Linked by Thom Holwerda on Wed 10th Feb 2010 16:58 UTC
Opera Software As should be common knowledge by now, Apple is very restrictive and sometimes quite arbitrary in managing its App Store. One thing is clear, though: fat chance there's going to be an alternative browser in the App Store (i.e., one that doesn't use WebKit). Mozilla didn't even bother to submit Fennec, but Opera is going head-to-head with Apple: the Norwegian browser maker has announced Opera Mini for the iPhone, but has not yet submitted it for approval.
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Quoting the developer agreement:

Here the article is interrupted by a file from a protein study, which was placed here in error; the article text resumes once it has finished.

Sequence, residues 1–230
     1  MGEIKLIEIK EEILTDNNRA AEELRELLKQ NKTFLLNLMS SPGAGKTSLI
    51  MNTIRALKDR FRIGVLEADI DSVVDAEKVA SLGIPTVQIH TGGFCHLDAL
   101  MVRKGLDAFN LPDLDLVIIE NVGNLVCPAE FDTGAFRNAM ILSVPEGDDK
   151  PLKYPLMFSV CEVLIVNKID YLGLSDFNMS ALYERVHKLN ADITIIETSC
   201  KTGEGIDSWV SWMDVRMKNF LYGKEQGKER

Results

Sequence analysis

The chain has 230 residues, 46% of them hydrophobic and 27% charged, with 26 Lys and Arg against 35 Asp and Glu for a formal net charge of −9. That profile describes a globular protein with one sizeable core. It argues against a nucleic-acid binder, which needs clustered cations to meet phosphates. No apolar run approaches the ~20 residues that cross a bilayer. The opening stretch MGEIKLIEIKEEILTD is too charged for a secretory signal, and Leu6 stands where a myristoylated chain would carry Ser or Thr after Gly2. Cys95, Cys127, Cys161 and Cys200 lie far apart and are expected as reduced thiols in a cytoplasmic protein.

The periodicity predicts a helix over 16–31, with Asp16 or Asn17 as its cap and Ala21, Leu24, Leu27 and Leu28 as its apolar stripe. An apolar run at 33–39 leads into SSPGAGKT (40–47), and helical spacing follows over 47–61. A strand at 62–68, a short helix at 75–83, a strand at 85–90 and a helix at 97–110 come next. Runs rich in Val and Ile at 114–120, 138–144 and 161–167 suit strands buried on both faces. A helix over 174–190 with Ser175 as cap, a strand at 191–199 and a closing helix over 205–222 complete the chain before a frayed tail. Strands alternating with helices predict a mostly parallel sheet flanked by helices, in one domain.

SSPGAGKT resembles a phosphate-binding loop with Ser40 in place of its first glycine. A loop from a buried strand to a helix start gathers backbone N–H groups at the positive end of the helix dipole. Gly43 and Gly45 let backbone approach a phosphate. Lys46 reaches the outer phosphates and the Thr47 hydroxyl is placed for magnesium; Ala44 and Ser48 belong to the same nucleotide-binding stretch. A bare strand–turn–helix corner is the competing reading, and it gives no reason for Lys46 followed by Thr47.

"No interpreted code may be downloaded and used in an Application except for code that is interpreted and run by Apple's Published APIs and built-in interpreter(s)."

But where do we draw the line between data and code? As soon as your code does an "if" on some data then you're interpreting the data, and that's where we can start calling it code. Or does the data need to contain ampersands and brackets to be considered code?

Also, what if you write an interpreter running on Apple's js interpreter? Like .I guess this case is not ambiguous, as it is run by Apple's interpreter.

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